The Charity Commission has removed a religious charity from the register after uncovering a raft of management and governance failures.
This includes a failure to manage conflicts of interest between trustees and a family member involved in the purchase, and subsequent sale, of a £1.3m property by the charity.
It emerged that both the chair and a trustee of Jewish charity the Beth Yosef Foundation were related to a lender, who helped finance the purchase of a property in London and then called in the loan, forcing the charity to sell the building.
Under the terms of a loan the lender was entitled to 80% of the sale proceeds. However even after the sale of the property the charity would have still had debts of around £100,000.
The regulator found that the charity’s chair is the lender’s aunt, while another trustee is his brother-in-law.
In addition, it emerged that trustees were linked to another charity that had been permitted to use the Foundation’s property. It also emerged that another trustee at this charity was also related to the lender.
“The charity did not have a conflicts of interest policy and despite the relationships and connections between the parties, the trustees did not consider a conflict of interest existed” between the other charity and the lender, according to the regulator.
“They did not appear to understand how to identify and manage such conflicts or the importance of doing so, despite having been directed to the Commission’s guidance about conflicts of interest which explains how to take appropriate steps to address the identified deficiencies,” it added.
To finance the original purchase of the property in 2001 the charity had borrowed £667,876 from the lender. After the loan was called in the charity then agreed a private sale price with the lender of £1.3m rather than listing it on the open market.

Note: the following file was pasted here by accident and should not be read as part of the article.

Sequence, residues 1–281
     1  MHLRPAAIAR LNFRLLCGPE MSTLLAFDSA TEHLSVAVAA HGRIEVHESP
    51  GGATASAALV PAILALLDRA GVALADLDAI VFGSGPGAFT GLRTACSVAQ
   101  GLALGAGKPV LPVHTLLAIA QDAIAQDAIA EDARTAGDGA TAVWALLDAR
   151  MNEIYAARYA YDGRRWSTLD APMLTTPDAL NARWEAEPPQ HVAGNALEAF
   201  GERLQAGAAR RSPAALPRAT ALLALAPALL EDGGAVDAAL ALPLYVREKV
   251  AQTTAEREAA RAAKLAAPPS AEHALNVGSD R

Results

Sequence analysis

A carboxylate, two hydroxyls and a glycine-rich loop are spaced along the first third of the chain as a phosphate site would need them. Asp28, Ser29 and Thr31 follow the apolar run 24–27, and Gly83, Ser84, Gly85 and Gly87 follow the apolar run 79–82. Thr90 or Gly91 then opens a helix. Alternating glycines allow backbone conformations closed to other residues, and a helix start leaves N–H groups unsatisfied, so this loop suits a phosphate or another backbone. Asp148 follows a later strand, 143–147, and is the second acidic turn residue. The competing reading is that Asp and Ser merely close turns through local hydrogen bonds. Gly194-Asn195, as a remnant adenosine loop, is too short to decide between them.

After the sale a court order was put in place to ensure the charity received any surplus funds. Following the property’s sale £136,034 was held in trust for the charity.
Trustees then informed the regulator that the charity was “effectively dormant and had no income or bank account”.
The regulator’s inquiry found that the bank account had closed in 2016 with a closing balance of just under £7,000. It is not clear where this sum of money went.
An interim manager was appointed by the regulator in 2021 and in June this year the charity was removed from the register.
In concluding there was serious misconduct and/or mismanagement at the charity the Commission said there was evidence of “poor governance and poor financial management of the charity and its affairs”.
Trustees’ lack of financial controls, poor management of conflicts of interest, protection of the charity’s property and failure to file accounts were criticised by the regulator.
The regulator points out that a failure to submit accounts is also a criminal offence.
The Charity Commission warns charities that “conflicts of interest are more likely when there are only a small number of trustees on the board, when trustees are closely related, or when the charity has dealings with organisations in which the trustees have interests”.
It said: “It is vital that trustees avoid becoming involved in situations in which their personal interests may be seen to conflict with their duties as trustees.
“The trustees should put in place policies and procedures to identify and manage such conflict.”